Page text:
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It was hard not to be stylistically infatuated with this release when I was first exposed to it, as I was in a permanent film-noir state of mind, and the quality of the slowed-breakbeat-style-drum-loops + plus melancholic-yet-energetic voice/keys/samples formula is quite catchy and alluring. Having listened to this album rather obsessively for over five years now, my view has changed and settled somewhat, and I appreciate the songs involved in a different way.
These songs have a wonderful texture and atmosphere, although they do sometimes border on the self-indulgent. Where the previous EP Metamorphosis, thought to be a companion to Perdition City, announced (if the title didn't already suggest) that Ulver was revamping their sound, Ulver seizes and expands on the efforts of Metamorphosis, stretching and reworking the ideas of two of those songs across Perdition City. You can see the emphasis of "Gnosis" from the EP in four of the tracks on Perdition City; Lost in Moments, Porn Pieces, Hallways of Allways and The Future Sound of Music. All feature driving drum loops, the gradual dynamic build of a single texture coupled with sharp dynamic contrast, and sharp synths and piano riffs slowly building on the original texture. Meanwhile Limbo Central (subtitled The Theme from Perdition City) is reincarnated in Catalept, which pairs what seems to be a sample from Bernard Herrmann's music for Psycho with a stumbling, drunk drum loop. Where there is melody and musical organization on Perdition City, it is tense and unresolved but not particularly challenging. When Ulver scraps tonality and goes sheerly for atmosphere/synth texture combined with occasional vocal elements, the album becomes almost unbearably tense. We Are the Dead and Dead City Centres are the two pieces of this nature, and are extremely effective, with Garm alternating low mumbling vocals and a sleazy noir narration style. Tomorrow Never Knows seems to foreshadow the ambient jams of the Silence EPs, working with a brooding instrumental texture. And Nowhere/Catastrophe is the only piece on the album in concise song-form, maybe a first for Ulver. It offers a catchy, vocorder-layered chorus with Garm utilizing his somewhat-croony, neo-soul voice from earlier pieces in the album on the verses, an early-jazz inflected piano solo and a fairly concise length. The style is something of a rarity in Ulver's work.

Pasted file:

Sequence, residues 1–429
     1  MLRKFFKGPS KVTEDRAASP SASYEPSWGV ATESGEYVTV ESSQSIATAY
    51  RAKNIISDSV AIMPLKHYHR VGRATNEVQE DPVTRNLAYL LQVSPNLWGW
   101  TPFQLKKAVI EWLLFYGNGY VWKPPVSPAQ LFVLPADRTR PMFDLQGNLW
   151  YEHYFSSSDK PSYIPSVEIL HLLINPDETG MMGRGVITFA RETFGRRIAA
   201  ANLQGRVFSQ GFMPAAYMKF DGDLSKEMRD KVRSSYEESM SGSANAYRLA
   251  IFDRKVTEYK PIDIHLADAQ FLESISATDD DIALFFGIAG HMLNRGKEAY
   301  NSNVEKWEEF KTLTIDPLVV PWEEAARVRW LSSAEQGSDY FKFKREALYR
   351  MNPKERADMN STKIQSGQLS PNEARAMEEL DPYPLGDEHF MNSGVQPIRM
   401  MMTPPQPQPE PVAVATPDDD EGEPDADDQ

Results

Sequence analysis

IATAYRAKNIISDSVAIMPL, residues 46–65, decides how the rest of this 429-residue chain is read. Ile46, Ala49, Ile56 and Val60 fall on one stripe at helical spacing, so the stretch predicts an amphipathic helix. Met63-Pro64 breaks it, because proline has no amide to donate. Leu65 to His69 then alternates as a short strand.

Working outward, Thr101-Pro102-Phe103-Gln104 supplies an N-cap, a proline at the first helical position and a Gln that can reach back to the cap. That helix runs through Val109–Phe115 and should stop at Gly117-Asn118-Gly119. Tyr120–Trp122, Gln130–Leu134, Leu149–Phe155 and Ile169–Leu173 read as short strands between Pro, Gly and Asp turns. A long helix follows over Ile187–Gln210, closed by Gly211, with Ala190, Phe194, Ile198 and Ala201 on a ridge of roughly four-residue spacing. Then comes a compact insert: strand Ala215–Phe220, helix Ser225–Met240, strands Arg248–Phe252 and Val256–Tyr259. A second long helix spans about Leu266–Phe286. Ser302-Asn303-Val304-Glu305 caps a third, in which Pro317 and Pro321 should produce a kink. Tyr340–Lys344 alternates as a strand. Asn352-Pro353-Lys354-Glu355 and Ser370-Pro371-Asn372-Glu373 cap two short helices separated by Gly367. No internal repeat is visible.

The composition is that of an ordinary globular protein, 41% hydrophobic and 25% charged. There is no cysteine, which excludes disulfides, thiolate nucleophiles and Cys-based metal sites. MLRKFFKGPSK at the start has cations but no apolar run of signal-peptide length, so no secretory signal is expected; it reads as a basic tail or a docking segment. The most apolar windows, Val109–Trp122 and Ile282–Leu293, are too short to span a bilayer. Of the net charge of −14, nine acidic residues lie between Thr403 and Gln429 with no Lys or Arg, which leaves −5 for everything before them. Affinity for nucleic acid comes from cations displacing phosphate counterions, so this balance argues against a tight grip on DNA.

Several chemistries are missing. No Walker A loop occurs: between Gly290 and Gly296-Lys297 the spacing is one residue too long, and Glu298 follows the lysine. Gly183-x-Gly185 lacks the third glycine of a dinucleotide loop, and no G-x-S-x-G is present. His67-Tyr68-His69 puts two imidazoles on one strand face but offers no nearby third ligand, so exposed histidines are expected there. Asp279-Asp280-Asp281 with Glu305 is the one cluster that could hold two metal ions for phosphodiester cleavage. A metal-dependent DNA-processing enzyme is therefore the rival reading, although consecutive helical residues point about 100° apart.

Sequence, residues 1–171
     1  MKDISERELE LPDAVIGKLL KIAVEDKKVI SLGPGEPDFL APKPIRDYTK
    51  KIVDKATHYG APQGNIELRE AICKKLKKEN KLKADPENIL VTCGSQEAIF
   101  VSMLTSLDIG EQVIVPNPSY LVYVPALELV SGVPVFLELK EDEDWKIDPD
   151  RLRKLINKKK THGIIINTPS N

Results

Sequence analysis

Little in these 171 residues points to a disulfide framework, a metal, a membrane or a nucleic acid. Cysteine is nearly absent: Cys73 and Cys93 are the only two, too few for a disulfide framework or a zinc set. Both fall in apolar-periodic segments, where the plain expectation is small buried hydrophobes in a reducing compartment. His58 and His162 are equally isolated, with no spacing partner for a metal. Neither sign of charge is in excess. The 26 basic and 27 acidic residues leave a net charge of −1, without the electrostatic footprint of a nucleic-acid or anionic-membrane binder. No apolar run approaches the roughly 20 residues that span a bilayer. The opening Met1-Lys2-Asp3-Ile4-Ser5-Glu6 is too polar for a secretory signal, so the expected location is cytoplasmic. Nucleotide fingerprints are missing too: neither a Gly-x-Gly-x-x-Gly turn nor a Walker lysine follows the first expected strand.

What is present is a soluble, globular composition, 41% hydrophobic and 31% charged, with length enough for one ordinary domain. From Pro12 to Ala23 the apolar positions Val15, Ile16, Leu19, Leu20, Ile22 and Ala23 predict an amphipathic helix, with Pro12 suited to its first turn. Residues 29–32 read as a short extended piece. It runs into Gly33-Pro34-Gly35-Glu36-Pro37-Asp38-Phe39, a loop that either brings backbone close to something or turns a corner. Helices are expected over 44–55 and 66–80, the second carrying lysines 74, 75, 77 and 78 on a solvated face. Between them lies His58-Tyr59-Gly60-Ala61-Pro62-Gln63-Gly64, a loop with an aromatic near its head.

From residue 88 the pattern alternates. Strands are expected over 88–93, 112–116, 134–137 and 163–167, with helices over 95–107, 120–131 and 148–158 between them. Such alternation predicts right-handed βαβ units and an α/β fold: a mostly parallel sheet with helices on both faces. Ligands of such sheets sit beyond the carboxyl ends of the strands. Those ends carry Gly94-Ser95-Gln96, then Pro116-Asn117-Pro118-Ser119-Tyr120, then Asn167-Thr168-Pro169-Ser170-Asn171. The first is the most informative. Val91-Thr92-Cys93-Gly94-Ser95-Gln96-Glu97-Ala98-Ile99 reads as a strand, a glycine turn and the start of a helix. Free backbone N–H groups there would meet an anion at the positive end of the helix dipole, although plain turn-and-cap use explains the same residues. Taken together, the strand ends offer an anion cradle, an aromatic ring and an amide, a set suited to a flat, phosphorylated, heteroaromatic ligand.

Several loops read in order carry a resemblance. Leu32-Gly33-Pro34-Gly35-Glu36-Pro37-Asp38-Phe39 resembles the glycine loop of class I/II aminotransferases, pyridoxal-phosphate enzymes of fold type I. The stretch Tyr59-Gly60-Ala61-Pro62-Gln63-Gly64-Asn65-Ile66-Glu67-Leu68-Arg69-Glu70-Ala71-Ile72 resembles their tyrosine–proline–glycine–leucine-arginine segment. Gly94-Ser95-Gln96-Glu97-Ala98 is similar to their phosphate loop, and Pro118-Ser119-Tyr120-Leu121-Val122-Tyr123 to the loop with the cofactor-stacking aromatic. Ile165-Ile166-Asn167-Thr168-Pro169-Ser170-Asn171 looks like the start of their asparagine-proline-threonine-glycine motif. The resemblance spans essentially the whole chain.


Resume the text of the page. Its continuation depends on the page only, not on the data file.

I find that the formula approach heard in tracks 1-3 and 5 is rather unfortunate, since although Ulver explores a full range of textural possibilities with that form, it definitely feels as though it gets old fast, and certain moments amongst those tracks are definitively better than others. (See the hyper-speed V-drums on The Future Sound of Music, and the return of the loud, close-miked breakbeat in Lost in Moments especially after that thickly sentimental soprano-sax solo, which is a good idea frustratingly misapplied.)
Also, the fact that the thick layer of reverb on much of the vocal and instrumental textures is somewhat oppressive, although thankfully not present throughout the entire album. Certain tracks, through a combination of the low volume, high mixed piano and the general production, get a very intimate, chamber feel, an astonishing job of production for an album with as many electronic elements as this does. But in many cases, the reverb feels overdone and the atmospheric ambition of the album is somewhat broken.
I was forced to reconsider Perdition City after hearing Shadows of the Sun, which uses the same levels of reverb and acoustic piano to achieve a different atmospheric affect. In many ways, Shadows of the Sun is a low-energy opposite to Perdition City's sometimes-repressed, nervous energy, although I've definitely found that Ulver's gotten better compositional grasp of their electro-acoustic craft over the years of soundtracks and EPs, Perdition City seems very well polished, though the downside is, perhaps at the expense of some of the diversity of texture and form they continue to achieve.